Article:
China to Sanction Lockheed Martin Over Arms Sales to Taiwan

Military stocks rise as Lockheed Martin looks to modernize Taiwan’s Patriot missile defenses amid escalating Sino-American tensions.

Author: Belinda Zhou   

Beijing announced on Tuesday it would place sanctions on American arms giant Lockheed Martin Corporation for its role in the $620 million U.S. sales of Patriot missile deal with Taiwan.

"In order to safeguard national interests, China decided to take necessary measures to impose sanctions on Lockheed Martin, the chief contractor in this arms sales case," Lijian Zhao, a foreign ministry spokesperson said at a press conference.  

Details of the ensuing penalty have yet to be disclosed. 

The United States has approved an upgrade package with an estimated cost of $620 million for Patriot surface-to-air missiles to Taiwan, according to the State Department on July 9. Taiwan has requested to buy components to upgrade its Patriot missiles "in order to support an operational life of 30 years," as Reuters reported.

"This proposed sale serves U.S. national, economic, and security interests by supporting the recipient's continuing efforts to modernize its armed forces and to maintain a credible defensive capability," the state department said.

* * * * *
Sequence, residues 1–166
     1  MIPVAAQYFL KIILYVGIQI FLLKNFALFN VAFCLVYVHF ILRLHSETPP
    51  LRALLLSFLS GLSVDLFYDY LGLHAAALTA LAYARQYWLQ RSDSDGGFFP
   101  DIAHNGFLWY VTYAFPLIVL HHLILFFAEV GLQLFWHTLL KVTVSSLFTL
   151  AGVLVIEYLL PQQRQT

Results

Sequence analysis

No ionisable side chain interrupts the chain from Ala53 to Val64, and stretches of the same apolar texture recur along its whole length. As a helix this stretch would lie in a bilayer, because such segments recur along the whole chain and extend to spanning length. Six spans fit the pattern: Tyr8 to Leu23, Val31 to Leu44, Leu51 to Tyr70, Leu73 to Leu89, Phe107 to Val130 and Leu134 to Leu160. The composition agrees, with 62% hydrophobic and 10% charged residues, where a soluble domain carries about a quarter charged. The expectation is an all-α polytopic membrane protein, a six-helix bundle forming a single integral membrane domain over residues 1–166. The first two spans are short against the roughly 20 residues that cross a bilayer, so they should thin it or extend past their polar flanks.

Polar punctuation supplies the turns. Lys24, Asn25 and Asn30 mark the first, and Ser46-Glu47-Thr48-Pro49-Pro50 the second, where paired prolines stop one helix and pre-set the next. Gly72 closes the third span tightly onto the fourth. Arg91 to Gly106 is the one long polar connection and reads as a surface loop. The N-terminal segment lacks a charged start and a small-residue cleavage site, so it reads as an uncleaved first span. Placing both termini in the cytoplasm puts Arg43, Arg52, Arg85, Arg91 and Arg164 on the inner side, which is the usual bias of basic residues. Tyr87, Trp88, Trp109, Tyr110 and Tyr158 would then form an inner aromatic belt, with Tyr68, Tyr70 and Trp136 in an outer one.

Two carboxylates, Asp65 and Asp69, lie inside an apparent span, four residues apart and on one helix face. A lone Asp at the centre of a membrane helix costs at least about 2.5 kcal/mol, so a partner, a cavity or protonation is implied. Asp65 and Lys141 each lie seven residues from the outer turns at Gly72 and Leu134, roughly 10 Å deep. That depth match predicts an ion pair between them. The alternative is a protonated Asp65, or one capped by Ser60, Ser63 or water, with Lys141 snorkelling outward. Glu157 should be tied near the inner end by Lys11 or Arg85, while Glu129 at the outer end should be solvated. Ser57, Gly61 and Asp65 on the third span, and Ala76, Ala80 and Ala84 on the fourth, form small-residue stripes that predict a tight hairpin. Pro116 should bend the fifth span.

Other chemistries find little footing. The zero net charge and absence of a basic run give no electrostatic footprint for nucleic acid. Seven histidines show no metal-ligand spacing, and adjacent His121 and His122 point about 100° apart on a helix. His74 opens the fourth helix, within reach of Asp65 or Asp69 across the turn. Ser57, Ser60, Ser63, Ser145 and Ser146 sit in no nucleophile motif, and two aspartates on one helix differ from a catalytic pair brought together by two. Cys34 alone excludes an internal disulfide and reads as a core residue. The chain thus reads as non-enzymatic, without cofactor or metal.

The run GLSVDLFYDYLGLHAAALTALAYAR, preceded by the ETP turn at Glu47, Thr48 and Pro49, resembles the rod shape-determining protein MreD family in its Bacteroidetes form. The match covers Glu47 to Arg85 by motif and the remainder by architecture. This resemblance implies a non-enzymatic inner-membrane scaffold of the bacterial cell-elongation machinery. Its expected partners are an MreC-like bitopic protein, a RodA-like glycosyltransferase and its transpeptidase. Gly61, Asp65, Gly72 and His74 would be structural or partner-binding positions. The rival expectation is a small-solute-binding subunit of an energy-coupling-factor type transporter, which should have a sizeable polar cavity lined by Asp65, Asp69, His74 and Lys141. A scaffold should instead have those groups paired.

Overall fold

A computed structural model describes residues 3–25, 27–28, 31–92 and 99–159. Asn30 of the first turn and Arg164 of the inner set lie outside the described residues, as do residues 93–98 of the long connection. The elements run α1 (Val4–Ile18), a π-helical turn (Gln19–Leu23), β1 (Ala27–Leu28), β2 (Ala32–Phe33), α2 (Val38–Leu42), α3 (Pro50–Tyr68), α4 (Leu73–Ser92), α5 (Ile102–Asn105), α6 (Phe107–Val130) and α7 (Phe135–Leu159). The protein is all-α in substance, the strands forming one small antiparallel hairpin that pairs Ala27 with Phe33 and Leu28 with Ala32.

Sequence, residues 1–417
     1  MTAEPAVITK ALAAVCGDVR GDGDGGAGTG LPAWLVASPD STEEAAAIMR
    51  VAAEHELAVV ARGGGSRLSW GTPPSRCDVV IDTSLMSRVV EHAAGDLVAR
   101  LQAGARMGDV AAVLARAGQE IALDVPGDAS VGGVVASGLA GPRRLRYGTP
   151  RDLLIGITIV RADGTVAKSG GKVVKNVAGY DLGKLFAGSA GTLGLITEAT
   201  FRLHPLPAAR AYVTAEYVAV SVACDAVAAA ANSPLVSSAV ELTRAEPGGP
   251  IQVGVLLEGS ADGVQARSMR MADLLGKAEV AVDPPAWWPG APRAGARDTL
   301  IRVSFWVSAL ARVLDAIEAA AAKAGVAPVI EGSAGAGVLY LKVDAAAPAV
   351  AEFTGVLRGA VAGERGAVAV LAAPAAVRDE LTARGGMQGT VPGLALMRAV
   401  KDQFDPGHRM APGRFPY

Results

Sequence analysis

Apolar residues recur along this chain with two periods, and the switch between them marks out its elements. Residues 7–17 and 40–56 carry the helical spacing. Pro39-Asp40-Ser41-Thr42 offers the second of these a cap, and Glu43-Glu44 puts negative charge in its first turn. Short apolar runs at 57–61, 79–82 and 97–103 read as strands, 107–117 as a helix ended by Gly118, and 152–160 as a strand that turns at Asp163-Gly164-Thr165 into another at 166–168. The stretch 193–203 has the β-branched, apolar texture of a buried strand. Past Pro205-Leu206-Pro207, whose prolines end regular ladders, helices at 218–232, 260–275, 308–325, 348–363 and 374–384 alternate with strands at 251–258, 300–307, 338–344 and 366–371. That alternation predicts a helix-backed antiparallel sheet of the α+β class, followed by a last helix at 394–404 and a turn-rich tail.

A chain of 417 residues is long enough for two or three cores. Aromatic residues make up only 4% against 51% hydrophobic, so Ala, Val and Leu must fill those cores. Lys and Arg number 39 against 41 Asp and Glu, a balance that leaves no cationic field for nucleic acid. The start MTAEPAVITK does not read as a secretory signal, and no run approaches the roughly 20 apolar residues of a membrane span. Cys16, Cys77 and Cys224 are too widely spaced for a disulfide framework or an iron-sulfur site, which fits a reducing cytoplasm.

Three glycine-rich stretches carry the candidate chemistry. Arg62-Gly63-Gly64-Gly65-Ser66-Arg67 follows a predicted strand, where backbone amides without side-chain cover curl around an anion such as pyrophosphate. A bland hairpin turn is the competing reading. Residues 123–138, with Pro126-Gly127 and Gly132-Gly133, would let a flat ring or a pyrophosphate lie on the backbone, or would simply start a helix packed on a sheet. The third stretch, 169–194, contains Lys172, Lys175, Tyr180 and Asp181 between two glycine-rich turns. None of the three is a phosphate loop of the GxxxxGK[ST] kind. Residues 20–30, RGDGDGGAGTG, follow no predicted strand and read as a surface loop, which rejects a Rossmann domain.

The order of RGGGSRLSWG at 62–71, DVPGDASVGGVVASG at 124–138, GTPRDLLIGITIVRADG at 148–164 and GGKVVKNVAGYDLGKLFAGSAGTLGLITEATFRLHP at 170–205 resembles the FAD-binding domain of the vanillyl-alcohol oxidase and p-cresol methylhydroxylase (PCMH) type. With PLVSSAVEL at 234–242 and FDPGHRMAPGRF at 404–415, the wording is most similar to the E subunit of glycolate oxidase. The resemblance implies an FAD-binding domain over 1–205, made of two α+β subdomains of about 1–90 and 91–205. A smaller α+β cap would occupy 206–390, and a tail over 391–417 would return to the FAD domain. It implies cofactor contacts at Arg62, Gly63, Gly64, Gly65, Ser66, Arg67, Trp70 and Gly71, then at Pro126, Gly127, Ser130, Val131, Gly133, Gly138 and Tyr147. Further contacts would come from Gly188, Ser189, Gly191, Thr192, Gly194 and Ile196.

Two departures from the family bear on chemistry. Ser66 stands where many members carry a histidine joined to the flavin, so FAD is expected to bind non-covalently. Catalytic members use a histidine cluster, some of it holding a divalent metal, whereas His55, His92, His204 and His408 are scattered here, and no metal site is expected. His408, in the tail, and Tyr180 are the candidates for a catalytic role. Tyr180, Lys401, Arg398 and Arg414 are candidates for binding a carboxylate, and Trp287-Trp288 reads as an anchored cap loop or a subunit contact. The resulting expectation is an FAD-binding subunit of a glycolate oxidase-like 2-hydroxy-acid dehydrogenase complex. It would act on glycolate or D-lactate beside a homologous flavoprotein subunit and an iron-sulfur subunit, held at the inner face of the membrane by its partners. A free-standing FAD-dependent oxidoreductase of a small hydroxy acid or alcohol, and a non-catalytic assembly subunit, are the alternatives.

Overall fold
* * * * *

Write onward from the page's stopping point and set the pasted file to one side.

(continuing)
This arms sale is the second approved by the Trump administration to Taiwan this year and the seventh since Trump's presidency. 

The American-made Patriot Advanced Capability-3 missiles are deployed around major cities and important military facilities in Taiwan.

Taiwan's Defense Ministry confirmed on Friday that the arms will be used for training purposes and the training goal is intercepting missiles from mainland China. The ministry also said it expected the deal to take effect within the next month.

Since 2007, the United States has announced the sale of Patriot Advanced Capability-3 to Taiwan in three batches; these missiles were delivered to Taiwan from around 2011.

"The oldest system and missiles have been in service for nearly 10 years and it's time to update it," Fuxing Mei, the director of the Taiwan Strait Security Research Center, said.

"It is estimated that the life-extension case will not be completed until at least 2022," Mei added.

Zhao urged the U.S. government to effectively abide by the One-China principle and stop selling arms to Taiwan to avoid deepening the chasm that exists between the two nations already.  

China's "One China principle" asserts that there is only one sovereign state under the name China. In the 1992 Consensus, the People's Republic of China and the Republic of China of Taiwan both accepted this principle, but interpret it differently. Both Taiwan and the PRC agree there is only "One China" but both governments disagree as to which is the legitimate government representing this "One China."

A violent border conflict between India and China has also raised the demand defense systems in Beijing, sending Chinese defense-related stocks to rise. 

"Looking forward to the whole year, with the overtime work after the resumption of work, most of the military industry's revenue and performance will resume growth since the second quarter," Kang Shi, an analyst from China Industrial Securities Co Ltd., wrote in his analysis, giving a 15% growth rate prediction for 2020.

Shares in Lockheed Martin closed at $355.59 per share on Tuesday, up 1%.

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